LONDON (Reuters) - Stan Wawrinka’s Wimbledon hopes were shredded in the first round on Monday as the fifth seed, hobbled by a niggling knee injury, came up against one of tennis’s new generation of heavy hitters in the shape of Russian Daniil Medvedev.
The Swiss three times grand slam champion was out-gunned by 21-year-old Medvedev, who had the Centre Court crowd on their feet as he pulled off a dazzling array of winners to wrap up a 6-4 3-6 6-4 6-1 victory on his first Wimbledon appearance.
Yet how much of the stunning upset was down to Medvedev’s ability to fire freely from both flanks and how much of it was down to Wawrinka’s discomfort was hard to tell.
The Russian, making only his third grand slam appearance and who is ranked 46 places below the world number three, was full of energy as he hauled his giant frame around the court.
After wrapping up a memorable victory in two hours and 12 minutes, he bent down and kissed the turf.
“I have no words to describe this. I guess this memory will be with me forever,” he told reporters.
Wawrinka, who only last month reached the French Open final, will no doubt hope the memory of his sixth first-round Wimbledon exit will not linger.
He had struggled to find any sort of rhythm and was clearly bothered by the niggling knee problem he said had been dogging him since the end of last year.
“I wasn’t feeling the way I wanted to feel,” he said. “But I played against a great player who I think was confident today, was playing well, was playing faster. It was a tough loss.”
Having never got past the quarter-finals at the All England Club, Wimbledon is Wawrinka’s least successful grand slam and his hopes of ever completing his collection of majors look forlorn unless he can master the slick lawns.
The Swiss had looked unruffled as he held his opening two service games, dropping just two points, but it was not long before Medvedev found his range and started to put Wawrinka under pressure.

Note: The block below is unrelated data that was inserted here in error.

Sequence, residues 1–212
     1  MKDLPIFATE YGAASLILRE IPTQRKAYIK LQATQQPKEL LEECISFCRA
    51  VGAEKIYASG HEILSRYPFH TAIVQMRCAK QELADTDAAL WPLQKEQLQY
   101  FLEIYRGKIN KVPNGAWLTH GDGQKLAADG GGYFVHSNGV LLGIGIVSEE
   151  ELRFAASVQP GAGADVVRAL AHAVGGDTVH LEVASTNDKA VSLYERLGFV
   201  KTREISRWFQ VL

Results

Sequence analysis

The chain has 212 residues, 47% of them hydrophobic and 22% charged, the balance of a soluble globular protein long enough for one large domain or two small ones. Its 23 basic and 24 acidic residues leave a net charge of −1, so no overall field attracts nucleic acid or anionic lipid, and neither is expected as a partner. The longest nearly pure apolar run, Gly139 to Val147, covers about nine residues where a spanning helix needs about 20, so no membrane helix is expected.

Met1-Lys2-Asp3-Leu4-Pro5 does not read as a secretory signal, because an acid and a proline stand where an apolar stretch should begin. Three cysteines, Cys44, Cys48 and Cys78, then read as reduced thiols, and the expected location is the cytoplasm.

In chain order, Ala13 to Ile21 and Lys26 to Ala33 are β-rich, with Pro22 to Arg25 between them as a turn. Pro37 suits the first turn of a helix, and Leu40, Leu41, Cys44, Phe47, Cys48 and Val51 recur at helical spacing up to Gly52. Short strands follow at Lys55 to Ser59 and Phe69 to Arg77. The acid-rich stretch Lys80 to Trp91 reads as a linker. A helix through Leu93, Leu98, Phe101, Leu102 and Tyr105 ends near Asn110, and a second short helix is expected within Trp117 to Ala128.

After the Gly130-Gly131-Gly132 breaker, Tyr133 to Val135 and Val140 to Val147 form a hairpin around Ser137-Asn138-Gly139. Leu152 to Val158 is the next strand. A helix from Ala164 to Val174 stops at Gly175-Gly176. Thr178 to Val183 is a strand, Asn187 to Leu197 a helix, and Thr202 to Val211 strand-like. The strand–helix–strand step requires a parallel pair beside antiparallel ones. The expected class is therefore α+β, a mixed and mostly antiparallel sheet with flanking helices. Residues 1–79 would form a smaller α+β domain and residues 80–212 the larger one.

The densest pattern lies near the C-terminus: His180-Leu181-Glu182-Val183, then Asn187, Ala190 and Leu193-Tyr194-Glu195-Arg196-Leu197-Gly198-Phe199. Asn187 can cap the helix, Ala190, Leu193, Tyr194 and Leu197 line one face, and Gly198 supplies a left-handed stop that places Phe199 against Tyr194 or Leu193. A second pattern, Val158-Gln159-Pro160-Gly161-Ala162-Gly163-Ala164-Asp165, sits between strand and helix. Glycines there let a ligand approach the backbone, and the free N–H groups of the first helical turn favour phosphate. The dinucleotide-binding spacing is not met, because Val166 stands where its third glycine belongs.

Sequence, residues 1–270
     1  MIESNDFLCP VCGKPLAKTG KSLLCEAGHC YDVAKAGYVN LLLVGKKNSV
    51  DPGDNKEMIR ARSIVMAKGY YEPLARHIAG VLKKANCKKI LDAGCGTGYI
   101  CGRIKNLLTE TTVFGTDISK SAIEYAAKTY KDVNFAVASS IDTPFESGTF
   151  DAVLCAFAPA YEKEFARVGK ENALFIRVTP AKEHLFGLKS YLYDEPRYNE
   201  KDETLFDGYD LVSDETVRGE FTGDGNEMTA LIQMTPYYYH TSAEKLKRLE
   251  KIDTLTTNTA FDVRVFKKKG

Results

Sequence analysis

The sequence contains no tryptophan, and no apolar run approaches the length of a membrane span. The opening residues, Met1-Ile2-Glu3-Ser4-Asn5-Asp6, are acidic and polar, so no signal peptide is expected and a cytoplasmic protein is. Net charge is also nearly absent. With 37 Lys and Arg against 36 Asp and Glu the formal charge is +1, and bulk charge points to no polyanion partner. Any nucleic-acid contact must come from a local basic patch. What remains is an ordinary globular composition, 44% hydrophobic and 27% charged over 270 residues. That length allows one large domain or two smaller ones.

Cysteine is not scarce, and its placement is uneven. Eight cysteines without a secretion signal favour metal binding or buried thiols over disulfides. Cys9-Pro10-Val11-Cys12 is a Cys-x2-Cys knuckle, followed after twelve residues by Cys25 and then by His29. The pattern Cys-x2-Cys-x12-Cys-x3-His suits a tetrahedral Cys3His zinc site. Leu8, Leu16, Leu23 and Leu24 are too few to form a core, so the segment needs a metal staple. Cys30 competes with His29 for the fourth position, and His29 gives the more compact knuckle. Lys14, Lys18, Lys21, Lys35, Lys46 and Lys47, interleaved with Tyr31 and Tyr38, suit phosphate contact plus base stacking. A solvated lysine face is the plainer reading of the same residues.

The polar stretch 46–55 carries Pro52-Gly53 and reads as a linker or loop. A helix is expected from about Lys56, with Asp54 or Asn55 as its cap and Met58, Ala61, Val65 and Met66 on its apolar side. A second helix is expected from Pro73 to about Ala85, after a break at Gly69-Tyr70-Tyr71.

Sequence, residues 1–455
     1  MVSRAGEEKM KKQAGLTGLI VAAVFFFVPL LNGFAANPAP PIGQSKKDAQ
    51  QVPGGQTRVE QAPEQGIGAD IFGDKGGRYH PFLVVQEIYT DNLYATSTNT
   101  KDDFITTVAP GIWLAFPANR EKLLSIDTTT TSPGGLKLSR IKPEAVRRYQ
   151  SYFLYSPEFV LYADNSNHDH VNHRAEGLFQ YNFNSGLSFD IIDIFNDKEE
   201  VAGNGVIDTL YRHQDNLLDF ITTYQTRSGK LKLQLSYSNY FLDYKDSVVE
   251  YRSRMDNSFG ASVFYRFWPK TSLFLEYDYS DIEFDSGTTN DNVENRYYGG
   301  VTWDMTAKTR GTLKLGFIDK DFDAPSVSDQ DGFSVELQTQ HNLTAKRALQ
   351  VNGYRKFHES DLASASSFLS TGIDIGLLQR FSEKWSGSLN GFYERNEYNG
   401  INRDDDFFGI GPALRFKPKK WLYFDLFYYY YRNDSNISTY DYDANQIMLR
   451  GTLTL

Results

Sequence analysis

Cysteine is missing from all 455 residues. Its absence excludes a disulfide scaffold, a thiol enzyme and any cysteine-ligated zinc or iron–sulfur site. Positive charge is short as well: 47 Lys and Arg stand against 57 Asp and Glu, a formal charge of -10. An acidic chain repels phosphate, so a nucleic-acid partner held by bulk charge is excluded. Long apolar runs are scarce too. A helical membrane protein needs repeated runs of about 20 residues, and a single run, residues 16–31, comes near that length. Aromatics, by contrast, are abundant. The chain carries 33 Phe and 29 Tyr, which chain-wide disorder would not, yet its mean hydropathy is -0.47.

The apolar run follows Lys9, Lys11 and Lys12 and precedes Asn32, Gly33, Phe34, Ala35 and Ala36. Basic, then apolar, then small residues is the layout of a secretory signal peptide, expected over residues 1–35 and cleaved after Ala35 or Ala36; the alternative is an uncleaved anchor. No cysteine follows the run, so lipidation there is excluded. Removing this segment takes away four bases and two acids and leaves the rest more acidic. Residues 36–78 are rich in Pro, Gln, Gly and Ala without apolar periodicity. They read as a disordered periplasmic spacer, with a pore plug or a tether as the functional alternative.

The Russian broke to love in the fifth game of the first set, and crafted two more break points in the seventh as the 32-year-old Wawrinka reeled under a barrage of heavy hitting.
The Swiss briefly sparked into life at the start of the second, leveling the match after breaking for a 2-0 lead and then breaking for a second time in the eighth game after Medvedev had clawed his way back on serve.
They went toe-to-toe in the third set before Wawrinka sent a forehand wide in the 10th game to give the Russian a set point, which he gobbled up to edge back in front.
There was to be no way back for Wawrinka, who was then completely outgunned as Medvedev raced clear in the fourth set, breaking twice to go 5-1 ahead.
He fired down his 10th ace to bring up match point and wrapped up the victory when Wawrinka sent a forehand long, with the Centre Court rising as one to acclaim his efforts.
“It was just something special. I don’t know how to explain it,” said Medvedev who next faces 124th-ranked Belgian Ruben Bemelmans.
Reporting by Toby Davis; Editing by Ken Ferris